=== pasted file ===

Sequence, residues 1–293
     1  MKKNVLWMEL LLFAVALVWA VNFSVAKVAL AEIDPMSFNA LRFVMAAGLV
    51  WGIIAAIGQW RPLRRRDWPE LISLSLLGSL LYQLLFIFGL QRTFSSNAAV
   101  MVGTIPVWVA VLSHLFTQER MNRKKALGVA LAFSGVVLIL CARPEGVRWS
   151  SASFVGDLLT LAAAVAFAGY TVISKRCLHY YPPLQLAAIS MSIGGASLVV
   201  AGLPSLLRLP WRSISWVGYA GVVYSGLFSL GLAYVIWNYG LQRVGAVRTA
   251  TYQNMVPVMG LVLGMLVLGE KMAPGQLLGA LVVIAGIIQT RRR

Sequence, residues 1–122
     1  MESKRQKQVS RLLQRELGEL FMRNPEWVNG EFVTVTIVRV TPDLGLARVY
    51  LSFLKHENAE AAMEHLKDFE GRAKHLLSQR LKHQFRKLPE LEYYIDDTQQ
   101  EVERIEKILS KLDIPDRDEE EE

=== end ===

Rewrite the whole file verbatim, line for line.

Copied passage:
Sequence, residues 1–293
     1  MKKNVLWMEL LLFAVALVWA VNFSVAKVAL AEIDPMSFNA LRFVMAAGLV
    51  WGIIAAIGQW RPLRRRDWPE LISLSLLGSL LYQLLFIFGL QRTFSSNAAV
   101  MVGTIPVWVA VLSHLFTQER MNRKKALGVA LAFSGVVLIL CARPEGVRWS
   151  SASFVGDLLT LAAAVAFAGY TVISKRCLHY YPPLQLAAIS MSIGGASLVV
   201  AGLPSLLRLP WRSISWVGYA GVVYSGLFSL GLAYVIWNYG LQRVGAVRTA
   251  TYQNMVPVMG LVLGMLVLGE KMAPGQLLGA LVVIAGIIQT RRR

Sequence, residues 1–122
     1  MESKRQKQVS RLLQRELGEL FMRNPEWVNG EFVTVTIVRV TPDLGLARVY
    51  LSFLKHENAE AAMEHLKDFE GRAKHLLSQR LKHQFRKLPE LEYYIDDTQQ
   101  EVERIEKILS KLDIPDRDEE EE